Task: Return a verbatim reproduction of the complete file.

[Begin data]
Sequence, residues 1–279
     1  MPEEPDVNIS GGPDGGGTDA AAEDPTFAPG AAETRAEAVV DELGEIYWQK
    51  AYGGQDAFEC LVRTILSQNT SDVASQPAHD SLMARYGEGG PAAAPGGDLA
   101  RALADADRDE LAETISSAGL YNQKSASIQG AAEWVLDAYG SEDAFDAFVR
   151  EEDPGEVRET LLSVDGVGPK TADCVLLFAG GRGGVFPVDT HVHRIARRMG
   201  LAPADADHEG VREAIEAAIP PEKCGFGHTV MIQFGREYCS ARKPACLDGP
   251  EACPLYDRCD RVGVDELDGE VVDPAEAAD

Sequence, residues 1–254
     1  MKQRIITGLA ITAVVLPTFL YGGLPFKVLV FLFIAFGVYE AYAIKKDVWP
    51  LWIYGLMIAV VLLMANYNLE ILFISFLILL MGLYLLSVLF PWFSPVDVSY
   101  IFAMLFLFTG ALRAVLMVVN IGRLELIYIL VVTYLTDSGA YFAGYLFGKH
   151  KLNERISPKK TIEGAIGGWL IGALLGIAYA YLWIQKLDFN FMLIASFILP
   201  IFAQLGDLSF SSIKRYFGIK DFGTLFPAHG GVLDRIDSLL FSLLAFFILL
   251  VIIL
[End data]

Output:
Sequence, residues 1–279
     1  MPEEPDVNIS GGPDGGGTDA AAEDPTFAPG AAETRAEAVV DELGEIYWQK
    51  AYGGQDAFEC LVRTILSQNT SDVASQPAHD SLMARYGEGG PAAAPGGDLA
   101  RALADADRDE LAETISSAGL YNQKSASIQG AAEWVLDAYG SEDAFDAFVR
   151  EEDPGEVRET LLSVDGVGPK TADCVLLFAG GRGGVFPVDT HVHRIARRMG
   201  LAPADADHEG VREAIEAAIP PEKCGFGHTV MIQFGREYCS ARKPACLDGP
   251  EACPLYDRCD RVGVDELDGE VVDPAEAAD

Sequence, residues 1–254
     1  MKQRIITGLA ITAVVLPTFL YGGLPFKVLV FLFIAFGVYE AYAIKKDVWP
    51  LWIYGLMIAV VLLMANYNLE ILFISFLILL MGLYLLSVLF PWFSPVDVSY
   101  IFAMLFLFTG ALRAVLMVVN IGRLELIYIL VVTYLTDSGA YFAGYLFGKH
   151  KLNERISPKK TIEGAIGGWL IGALLGIAYA YLWIQKLDFN FMLIASFILP
   201  IFAQLGDLSF SSIKRYFGIK DFGTLFPAHG GVLDRIDSLL FSLLAFFILL
   251  VIIL